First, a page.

Psychometry is a psychic ability in which a person can sense or read the history of an object by touching it. Such a person can receive impressions from an object by holding it in their hands or, perhaps touching it to the forehead. Such impressions can be perceived as images, sounds, smells, tastes and even emotions. Many know about the supernatural phenomenon through works of fiction over the years but none more popular than, Stephen King’s The Dead Zone along with the parody sketch of the film, starring Christopher Walken as Ed Glosser: Trivial Psychic on Saturday Night Live, as seen below:
Psychometry is a form of “scrying” which is the psychic way of seeing something that is not ordinarily seeable. While some people can scry using a crystal ball, black glass or even the surface of water, psychometry is available through touch. For instance, a person who has psychometric abilities (also known as a psychometrist) could hold an antique glove and be able to tell something about the history of that glove, about the person who owned it, about the experiences that person had while in the possession of that glove. They may be able to sense what the person was like, what they did and even how they died.
Perhaps though, the most important sense a psychic can experience is how a person felt — the emotions of someone at a particular time. It’s known that emotions are most strongly “recorded” in an object. The psychic may not be able to do this with all objects at all times and, as with all psychic abilities, accuracy can vary, but the ability is available to the psychic.
It is commonly offered as psychic fairs as a type of psychic reading and while the phenomenon has claimed to help visitors “meet the dearly departed” (a form of spiritualism), a majority of police departments polled do not use psychics and do not consider them credible or useful on cases. However, some authors write that psychometry and psychic detectives are used by law enforcement agencies on specific cases.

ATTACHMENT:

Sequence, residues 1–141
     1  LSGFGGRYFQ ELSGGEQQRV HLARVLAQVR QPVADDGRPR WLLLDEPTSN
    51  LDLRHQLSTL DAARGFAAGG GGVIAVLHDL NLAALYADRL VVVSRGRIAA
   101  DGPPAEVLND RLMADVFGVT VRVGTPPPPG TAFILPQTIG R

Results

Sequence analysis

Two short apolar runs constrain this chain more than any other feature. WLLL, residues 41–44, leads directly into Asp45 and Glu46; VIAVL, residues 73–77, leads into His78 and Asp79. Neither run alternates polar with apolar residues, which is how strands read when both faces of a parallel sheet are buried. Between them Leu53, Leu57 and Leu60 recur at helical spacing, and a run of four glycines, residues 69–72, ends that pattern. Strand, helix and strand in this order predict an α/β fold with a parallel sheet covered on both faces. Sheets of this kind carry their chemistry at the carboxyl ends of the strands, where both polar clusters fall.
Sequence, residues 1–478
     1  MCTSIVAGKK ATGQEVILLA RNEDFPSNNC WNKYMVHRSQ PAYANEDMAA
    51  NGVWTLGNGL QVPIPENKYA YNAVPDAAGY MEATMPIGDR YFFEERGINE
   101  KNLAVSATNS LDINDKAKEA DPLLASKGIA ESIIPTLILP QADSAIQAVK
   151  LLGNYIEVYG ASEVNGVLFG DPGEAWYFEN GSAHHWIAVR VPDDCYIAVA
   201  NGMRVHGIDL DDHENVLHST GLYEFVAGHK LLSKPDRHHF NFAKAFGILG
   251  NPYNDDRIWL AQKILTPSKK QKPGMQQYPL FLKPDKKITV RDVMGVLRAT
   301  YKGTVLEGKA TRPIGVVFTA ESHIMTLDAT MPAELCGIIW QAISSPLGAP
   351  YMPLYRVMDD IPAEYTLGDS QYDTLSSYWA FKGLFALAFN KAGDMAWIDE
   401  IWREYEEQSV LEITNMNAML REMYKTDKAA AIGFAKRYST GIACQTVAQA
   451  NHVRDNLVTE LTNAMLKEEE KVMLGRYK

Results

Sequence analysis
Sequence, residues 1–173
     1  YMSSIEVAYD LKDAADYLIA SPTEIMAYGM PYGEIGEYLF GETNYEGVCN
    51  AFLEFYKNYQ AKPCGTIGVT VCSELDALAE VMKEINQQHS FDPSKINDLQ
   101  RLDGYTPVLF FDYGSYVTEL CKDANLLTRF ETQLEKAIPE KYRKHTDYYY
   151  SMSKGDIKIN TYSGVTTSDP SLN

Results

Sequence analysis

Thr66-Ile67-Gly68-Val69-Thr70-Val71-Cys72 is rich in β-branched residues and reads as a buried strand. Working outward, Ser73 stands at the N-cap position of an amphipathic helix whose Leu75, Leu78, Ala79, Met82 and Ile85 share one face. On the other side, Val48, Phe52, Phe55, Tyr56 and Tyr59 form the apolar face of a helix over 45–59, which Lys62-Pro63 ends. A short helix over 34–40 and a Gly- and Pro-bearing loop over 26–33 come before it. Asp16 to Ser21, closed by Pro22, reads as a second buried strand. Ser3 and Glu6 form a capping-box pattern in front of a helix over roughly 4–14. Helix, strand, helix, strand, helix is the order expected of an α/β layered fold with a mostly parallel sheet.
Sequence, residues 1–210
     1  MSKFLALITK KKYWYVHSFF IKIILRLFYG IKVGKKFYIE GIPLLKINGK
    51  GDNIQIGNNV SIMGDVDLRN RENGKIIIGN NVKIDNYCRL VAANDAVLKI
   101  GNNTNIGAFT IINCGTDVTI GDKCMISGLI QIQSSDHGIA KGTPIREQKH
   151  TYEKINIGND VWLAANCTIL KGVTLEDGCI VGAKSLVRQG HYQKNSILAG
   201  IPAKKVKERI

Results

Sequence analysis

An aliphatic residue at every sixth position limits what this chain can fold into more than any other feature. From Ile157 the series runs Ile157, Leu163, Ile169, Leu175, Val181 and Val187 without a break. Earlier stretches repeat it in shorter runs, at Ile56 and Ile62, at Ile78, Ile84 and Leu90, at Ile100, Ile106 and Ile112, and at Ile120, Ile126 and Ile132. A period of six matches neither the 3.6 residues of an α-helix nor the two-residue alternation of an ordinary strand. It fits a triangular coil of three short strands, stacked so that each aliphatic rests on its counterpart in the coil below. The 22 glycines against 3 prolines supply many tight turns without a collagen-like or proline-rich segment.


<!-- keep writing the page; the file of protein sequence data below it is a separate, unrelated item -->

The term, psychometry was coined by Joseph R. Buchanan in 1842 and is from the Greek words, psyche, meaning “soul,” and metron, meaning “measure.” Buchanan, an American professor of physiology, was one of the first people to experiment with psychometry by using his students as subjects. He would place various drugs in glass vials and then ask them to identify the drugs merely by holding the vials. Their success rate was more than chance and he published the results in his book, Journal of Man. To explain the phenomenon, Buchanan theorized that all objects have “souls” that retain a memory.
Intrigued and inspired by Buchanan’s work, American professor of geology William F. Denton conducted experiments to see if psychometry would work with his geological specimens. In 1854, he enlisted the help of his sister, Ann Denton Cridge and wrapped his specimens in cloth so Ann could not see even what type they were. She then placed the wrapped package to her forehead and was able to accurately describe the specimens through vivid mental images she was receiving.
From 1919 to 1922, Gustav Pagenstecher, a German doctor and psychical researcher, discovered psychometric abilities in one of his patients, Maria Reyes de Zierold. While holding an object, Maria could place herself in a trance and be able to state facts about the object’s past and present, describing sights, sounds, smells and other feelings about the object’s “experience” in the world. Pagenstecher’s theory was that a psychometrist could tune in to the experiential “vibrations” condensed in the object.
In the later nineteenth century, demonstrations of psychometry became a popular part of stage acts and séances; with participants providing a personal object for “reading” by a medium or psychic.
Sidenote: We, at My Paranormal Podcast had the opportunity to interview psychic detective, Chuck Bergman, a former police officer who assisted in police investigations. To hear that podcast episode, be sure to check out our post with the free podcast stream here on Tumblr.